Affiliate marketing is a marketing practice in which a business rewards one or more affiliates for each visitor or customer brought about by the affiliate’s own marketing efforts. A very simplified model would work like this: you find a product or service that you want to recommend, and you sign up to become an affiliate. You receive an “affiliate link” which you share with others. If people click through that link and end up buying that product or service, you will receive a percentage of the sale.
Affiliate marketing, when used appropriately, can help you position yourself as a go-to resource for your clients, bridge the gap in your product or service offerings without having to create everything yourself from the get-go, and start an extra stream of income. If you genuinely think that the products or services can benefit your audience, and you stand by the quality of the products or services, the process will not feel sales-y, yucky, or pushy – in fact, it can be very satisfying because you know your audience is getting something that can help solve their problems.
Entrepreneur mentor Ali Brown even goes as far as recommending starting a business with a target market, an email newsletter and a list, then creating income through affiliate marketing offering products and services appropriate for the audience, while concurrently developing your own products.
There are a few things to pay attention to when integrating affiliate marketing into your business, so that the products can serve your clients, position yourself as a great resource, while creating income for you.
- Partner selection – ideally you have used the products and services, or have participated in the program (with great results!) before you make your recommendation. The very least, you should have experienced other products or services from the same provider and were satisfied with the outcome. Remember, you are the one sharing the information with your clients, so you are putting your reputation behind it.
- Complementary products/services/programs, not direct competition – use the affiliate products/services/programs to fill the gap in your business model and offerings, but not in direct competition with what you offer. E.g. I am an affiliate for the Sculpted Social Media program – I know my target market wants to learn about social media, and I don’t currently offer a product or program on this particular subject.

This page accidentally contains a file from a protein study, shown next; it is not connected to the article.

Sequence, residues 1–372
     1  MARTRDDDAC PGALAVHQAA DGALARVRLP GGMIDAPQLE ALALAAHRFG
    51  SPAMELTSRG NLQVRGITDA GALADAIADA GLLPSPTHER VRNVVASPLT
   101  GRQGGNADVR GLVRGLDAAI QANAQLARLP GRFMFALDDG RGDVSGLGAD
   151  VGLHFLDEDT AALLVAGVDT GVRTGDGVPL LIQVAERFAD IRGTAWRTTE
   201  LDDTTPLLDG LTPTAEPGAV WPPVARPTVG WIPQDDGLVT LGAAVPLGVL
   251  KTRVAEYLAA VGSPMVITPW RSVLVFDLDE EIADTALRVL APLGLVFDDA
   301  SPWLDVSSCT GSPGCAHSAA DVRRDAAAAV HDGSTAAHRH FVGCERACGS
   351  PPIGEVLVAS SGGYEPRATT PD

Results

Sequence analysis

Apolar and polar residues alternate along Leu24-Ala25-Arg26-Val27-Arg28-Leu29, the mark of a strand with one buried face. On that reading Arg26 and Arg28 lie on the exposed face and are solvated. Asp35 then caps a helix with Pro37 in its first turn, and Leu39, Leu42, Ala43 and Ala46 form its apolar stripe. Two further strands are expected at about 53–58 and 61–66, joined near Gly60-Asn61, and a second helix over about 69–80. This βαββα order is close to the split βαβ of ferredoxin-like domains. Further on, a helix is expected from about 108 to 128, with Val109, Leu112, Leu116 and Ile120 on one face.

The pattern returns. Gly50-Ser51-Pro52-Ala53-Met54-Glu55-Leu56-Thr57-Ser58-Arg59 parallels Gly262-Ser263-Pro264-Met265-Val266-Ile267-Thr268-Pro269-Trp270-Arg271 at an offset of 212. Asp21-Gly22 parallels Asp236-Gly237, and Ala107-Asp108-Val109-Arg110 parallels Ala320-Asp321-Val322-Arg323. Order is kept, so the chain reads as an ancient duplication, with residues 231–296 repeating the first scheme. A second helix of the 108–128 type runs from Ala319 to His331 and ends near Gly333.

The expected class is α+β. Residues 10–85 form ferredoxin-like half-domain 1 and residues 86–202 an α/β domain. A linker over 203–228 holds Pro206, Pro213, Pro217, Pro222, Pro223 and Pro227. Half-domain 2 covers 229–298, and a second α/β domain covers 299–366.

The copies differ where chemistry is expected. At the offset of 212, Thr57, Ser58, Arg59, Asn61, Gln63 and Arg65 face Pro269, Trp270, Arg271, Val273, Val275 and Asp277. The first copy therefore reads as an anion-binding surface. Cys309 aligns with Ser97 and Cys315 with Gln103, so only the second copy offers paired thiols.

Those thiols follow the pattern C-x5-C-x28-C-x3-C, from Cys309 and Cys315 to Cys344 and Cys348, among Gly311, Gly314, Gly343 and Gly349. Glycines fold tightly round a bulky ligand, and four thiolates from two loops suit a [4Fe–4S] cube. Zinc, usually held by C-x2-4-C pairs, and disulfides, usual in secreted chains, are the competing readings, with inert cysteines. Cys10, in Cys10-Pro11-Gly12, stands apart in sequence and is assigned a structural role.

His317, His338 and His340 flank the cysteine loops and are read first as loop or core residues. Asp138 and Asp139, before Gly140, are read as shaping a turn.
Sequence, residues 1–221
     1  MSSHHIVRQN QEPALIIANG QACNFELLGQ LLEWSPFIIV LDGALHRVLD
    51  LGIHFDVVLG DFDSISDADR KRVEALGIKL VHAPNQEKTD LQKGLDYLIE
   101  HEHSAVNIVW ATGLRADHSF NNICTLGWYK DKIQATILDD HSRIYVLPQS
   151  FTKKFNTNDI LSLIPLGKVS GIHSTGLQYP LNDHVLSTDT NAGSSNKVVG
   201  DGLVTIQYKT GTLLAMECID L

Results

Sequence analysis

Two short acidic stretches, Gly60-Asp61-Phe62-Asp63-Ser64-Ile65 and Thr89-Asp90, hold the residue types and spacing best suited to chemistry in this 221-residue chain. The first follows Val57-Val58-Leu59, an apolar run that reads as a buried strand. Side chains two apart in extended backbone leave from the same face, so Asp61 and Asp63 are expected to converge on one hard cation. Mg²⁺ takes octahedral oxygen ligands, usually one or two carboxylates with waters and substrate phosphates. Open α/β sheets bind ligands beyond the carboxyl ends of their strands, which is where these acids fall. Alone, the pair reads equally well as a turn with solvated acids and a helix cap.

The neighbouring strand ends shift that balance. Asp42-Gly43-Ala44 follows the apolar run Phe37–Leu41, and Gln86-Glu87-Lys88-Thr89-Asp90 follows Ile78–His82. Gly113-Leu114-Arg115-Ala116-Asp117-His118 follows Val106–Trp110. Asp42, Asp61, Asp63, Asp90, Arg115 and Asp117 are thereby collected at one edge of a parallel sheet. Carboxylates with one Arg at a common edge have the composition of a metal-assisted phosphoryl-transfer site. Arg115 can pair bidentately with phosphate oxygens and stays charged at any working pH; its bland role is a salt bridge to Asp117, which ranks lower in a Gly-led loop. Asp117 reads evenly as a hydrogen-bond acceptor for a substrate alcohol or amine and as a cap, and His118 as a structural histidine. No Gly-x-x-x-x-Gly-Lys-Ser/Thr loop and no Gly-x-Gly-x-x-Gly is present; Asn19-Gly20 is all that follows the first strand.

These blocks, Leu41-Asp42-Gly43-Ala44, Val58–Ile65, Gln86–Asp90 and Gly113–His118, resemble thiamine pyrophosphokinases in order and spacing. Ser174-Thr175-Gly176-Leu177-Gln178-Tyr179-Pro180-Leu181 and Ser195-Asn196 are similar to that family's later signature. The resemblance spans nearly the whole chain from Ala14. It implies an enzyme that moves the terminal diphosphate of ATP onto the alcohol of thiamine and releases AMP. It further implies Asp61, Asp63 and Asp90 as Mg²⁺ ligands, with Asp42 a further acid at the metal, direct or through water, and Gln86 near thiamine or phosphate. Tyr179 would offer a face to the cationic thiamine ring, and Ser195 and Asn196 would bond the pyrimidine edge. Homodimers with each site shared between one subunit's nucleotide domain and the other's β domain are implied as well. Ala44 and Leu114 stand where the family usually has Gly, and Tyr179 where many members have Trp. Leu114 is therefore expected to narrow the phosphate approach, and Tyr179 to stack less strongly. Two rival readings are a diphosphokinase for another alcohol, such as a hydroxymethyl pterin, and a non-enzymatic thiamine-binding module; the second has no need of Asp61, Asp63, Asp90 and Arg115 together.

- Be transparent – when you promote these products/services/programs on your website, it’s best to be transparent about the affiliate relationship and add a disclaimer on the page. One discreet way to do so is to create a page called “[your name] Recommends” on your website, and put a little footnote at the bottom – you can see my example here.
- Promote it like you mean it – that’s why you get paid! Share the info on your website, in your blog (e.g. product review), in social media etc. However, just sharing the link is simply not enough to entice people to check out the product or the program. In your promotion materials or website copy, you need to succinctly describe the product, the BENEFITS, and maybe share a little bit about your results and what you liked about it. Even better, create your own content around the topic and let people know how they can learn more (by clicking on the affiliate link, of course!)
Some people even throw in their own complementary products or programs at a discount for those who purchase through their affiliate links (you have to make sure there is a way to track the purchase if you choose to do so) to sweeten the deal.